India’s markets regulator has asked publicly traded banks to disclose bad loan divergences with the Reserve Bank of India’s assessment within a day of receiving a final report from the banking regulator, tightening norms for asset quality disclosures.
“The listed banks shall make disclosures of divergences and provisioning beyond specified threshold not later than 24 hours upon receipt of the Reserve Bank’s Final Risk Assessment Report rather than waiting to publish them as part of annual financial statements,” the Securities and Exchange Board of India (Sebi) said on Thursday.
Terming the information about divergences with RBI’s assessment material and price-sensitive, Sebi said it required prompt disclosures to shareholders. The latest directive effectively ends listed banks’ dilemma over how they should handle the information.
In April, RBI mandated banks to disclose information about provisioning, if in its assessment the additional provisioning exceeded 10% of a bank’s profit before provision and contingencies. Banks were also directed to disclose information if additional non-performing assets (NPAs) were more than 15% of their reported NPAs.
Such divergences in asset classification were being disclosed in notes to accounts in annual financial statements following the RBI directive.
A Sebi official said divergences are price-sensitive and need to be communicated to the exchanges at the earliest. “Any delay needs to be explained, and the material divergences ideally from the beginning should have been disclosed to the exchanges as soon as RBI inspection was over. The banks shouldn’t ideally have waited for RBI or Sebi directives,” the Sebi official said, requesting anonymity.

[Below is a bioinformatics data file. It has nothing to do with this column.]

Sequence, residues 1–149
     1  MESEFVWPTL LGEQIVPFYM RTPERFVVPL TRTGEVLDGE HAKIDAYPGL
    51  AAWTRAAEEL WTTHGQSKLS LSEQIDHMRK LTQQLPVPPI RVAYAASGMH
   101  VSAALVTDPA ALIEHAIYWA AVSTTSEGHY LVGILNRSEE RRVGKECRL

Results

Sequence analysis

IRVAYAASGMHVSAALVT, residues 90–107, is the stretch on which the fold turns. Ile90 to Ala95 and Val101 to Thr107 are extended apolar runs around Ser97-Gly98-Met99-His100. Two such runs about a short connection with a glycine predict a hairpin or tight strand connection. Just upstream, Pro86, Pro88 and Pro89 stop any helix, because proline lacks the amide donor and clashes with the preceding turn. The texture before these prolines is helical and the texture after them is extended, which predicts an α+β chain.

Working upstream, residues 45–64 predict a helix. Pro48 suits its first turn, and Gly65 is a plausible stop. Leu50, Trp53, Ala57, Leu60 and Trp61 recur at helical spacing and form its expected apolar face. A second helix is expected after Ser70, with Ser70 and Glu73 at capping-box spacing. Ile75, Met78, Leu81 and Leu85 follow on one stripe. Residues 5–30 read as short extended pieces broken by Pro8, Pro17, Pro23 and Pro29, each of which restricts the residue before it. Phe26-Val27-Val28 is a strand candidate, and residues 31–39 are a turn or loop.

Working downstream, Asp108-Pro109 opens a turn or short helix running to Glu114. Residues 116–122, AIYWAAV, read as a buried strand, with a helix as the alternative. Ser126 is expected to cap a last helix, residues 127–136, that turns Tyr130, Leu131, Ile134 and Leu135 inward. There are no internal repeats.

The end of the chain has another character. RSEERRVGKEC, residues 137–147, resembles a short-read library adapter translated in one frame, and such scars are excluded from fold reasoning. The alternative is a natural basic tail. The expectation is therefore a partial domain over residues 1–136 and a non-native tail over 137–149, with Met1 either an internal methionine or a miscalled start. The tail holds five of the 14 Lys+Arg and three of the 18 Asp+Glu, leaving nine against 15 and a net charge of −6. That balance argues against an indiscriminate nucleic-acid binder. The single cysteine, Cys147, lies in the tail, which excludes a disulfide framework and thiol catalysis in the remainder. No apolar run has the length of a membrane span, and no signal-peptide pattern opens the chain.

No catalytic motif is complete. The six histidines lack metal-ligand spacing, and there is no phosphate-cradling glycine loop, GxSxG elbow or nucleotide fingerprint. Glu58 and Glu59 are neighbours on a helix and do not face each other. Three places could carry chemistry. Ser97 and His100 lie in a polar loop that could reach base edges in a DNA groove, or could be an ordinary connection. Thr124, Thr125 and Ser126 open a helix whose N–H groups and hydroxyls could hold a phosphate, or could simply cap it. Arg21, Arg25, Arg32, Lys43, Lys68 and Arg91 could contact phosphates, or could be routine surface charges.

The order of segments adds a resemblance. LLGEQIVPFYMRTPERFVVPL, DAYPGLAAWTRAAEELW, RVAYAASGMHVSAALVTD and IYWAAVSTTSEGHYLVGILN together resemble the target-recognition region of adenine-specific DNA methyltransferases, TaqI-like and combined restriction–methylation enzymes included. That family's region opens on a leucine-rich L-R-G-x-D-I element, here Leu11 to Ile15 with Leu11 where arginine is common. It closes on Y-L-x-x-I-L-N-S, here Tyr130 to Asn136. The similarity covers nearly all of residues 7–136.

A controversy about disclosures began in June 2017 when Sebi sought responses from three banks—Axis Bank, ICICI Bank and Yes Bank—for inadequate disclosures regarding divergences and provisioning.
Yes Bank and ICICI Bank had disclosed 558% and 19.5% divergence, respectively, for 2016-17 in the notes to accounts section of their annual financial statements.
While BSE found the reporting on divergences satisfactory, NSE disagreed.
Yes Bank had then responded to a Mint story published on 2 June 2017, saying that “the divergences identified by RBI, as part of the annual risk-based supervision were advised to be kept confidential”.
Considering that the new Sebi norms have been announced in consultation with RBI, banks would no longer be able to withhold such information.
Interestingly, Yes Bank on 13 February 2019 disclosed that RBI did not find any divergences for 2017-18, which earned it the ire of RBI.
In an exchange filing on 16 February, Yes Bank said it has received a letter from RBI, which noted that the risk assessment report was marked “confidential” and it was expected that no part of it would be divulged except for the information in the form and manner of disclosure prescribed by regulations.